Know your contractual limits

Advisory firms must understand the restrictions that apply to potential recruits

This month the much-anticipated judgment in the case of Towry EJ Ltd v Raymond James & Ors was handed down. Mrs Justice Cox comprehensively exonerated the defendants of allegations of breach of their restrictive covenants, misuse of confidential information and conspiracy that had been brought by financial advisory firm Towry.

The claim followed Towry’s acquisition of another advisory firm, ­Edward Jones. In late 2009 seven ­Edward Jones advisers left to join Raymond James and a significant number of their clients followed. Towry claimed the advisers had “solicited” the clients and were therefore in breach of restrictive covenants.

The defendants argued that the clients had moved of their own volition and, since there was no restriction in their contracts on “dealing” with clients and no evidence of solicitation, there was no breach of the ­restrictive covenants. All claims were dismissed in their entirety.

So what lessons can be learnt from the case? First, the case highlights the importance of knowing what post-termination restrictions apply to ­potential recruits and taking the time to ensure that they are not breached.

The fact that Raymond James and the advisers had consistently taken and followed legal advice was ­described by the judge as a “striking feature” of the case and a major factor in the claims being thrown out. Having obtained advice at the earliest stages of the recruitment process they were in the driving seat when it came to the subsequent litigation.

Second, it was a material aspect of the case that Towry had fundamentally misunderstood the restrictions that applied to the outgoing advisers. Towry argued that a “non-solicitation” restriction is essentially the same as a “non-dealing” restriction. The judge rejected that argument without hesitation.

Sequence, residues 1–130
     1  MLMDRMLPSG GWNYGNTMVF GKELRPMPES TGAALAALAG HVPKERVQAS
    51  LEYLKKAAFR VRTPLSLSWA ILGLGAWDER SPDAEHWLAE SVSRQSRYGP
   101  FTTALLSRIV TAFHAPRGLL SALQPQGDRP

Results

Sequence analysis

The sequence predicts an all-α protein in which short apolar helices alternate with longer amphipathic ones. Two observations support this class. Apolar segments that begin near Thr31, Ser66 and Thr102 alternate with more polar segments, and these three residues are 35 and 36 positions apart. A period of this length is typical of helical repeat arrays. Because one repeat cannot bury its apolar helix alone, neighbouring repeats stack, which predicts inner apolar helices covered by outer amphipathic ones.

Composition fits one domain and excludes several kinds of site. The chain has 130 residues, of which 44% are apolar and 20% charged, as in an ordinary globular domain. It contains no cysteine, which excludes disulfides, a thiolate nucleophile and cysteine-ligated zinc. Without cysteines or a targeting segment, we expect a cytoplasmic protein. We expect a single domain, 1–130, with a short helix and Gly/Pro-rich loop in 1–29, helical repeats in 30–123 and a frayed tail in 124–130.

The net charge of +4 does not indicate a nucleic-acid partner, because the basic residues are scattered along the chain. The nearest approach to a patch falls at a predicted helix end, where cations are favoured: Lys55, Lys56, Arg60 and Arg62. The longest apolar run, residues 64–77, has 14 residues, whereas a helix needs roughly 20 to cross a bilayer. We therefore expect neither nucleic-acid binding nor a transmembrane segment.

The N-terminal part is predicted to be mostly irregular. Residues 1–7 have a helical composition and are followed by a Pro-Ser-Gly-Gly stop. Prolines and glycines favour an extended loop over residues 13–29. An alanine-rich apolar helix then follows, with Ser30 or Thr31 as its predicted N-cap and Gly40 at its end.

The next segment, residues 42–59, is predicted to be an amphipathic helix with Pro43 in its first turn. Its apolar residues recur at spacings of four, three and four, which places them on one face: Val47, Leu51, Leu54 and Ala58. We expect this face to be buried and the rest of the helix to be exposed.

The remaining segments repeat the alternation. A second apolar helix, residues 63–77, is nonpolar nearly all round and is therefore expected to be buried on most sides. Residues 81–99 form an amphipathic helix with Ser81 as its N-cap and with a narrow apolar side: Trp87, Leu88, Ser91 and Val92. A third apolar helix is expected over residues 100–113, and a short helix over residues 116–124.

The lesson for employers here – and one that is not specific to the ­financial services sector – is that a non-solicitation restriction on its own offers little protection to the ­former employer where the adviser has strong relationships with their clients and the clients want to follow the adviser wherever they go.

In this case the advisers had ­enforceable non-solicitation restrictions in their contracts which they complied with, and the clients still transferred their business.
As obvious as this may seem, if an employer wants to stop its employees from dealing with their clients it needs to have a properly drafted non-dealing restriction. Although there is a serious question mark over the wider validity of these restrictions, given that they override the client’s right of choice, they have been ­enforced by the courts to date.

It should also be noted that Towry based its claim on inference. While that may be enough in the early stages of proceedings, something more than inference is going to be needed once a matter gets to trial.

In this case, Towry produced not a shred of evidence of solicitation and, given the compelling evidence that the clients would have moved “come what may”, it was unsurprising that the case failed.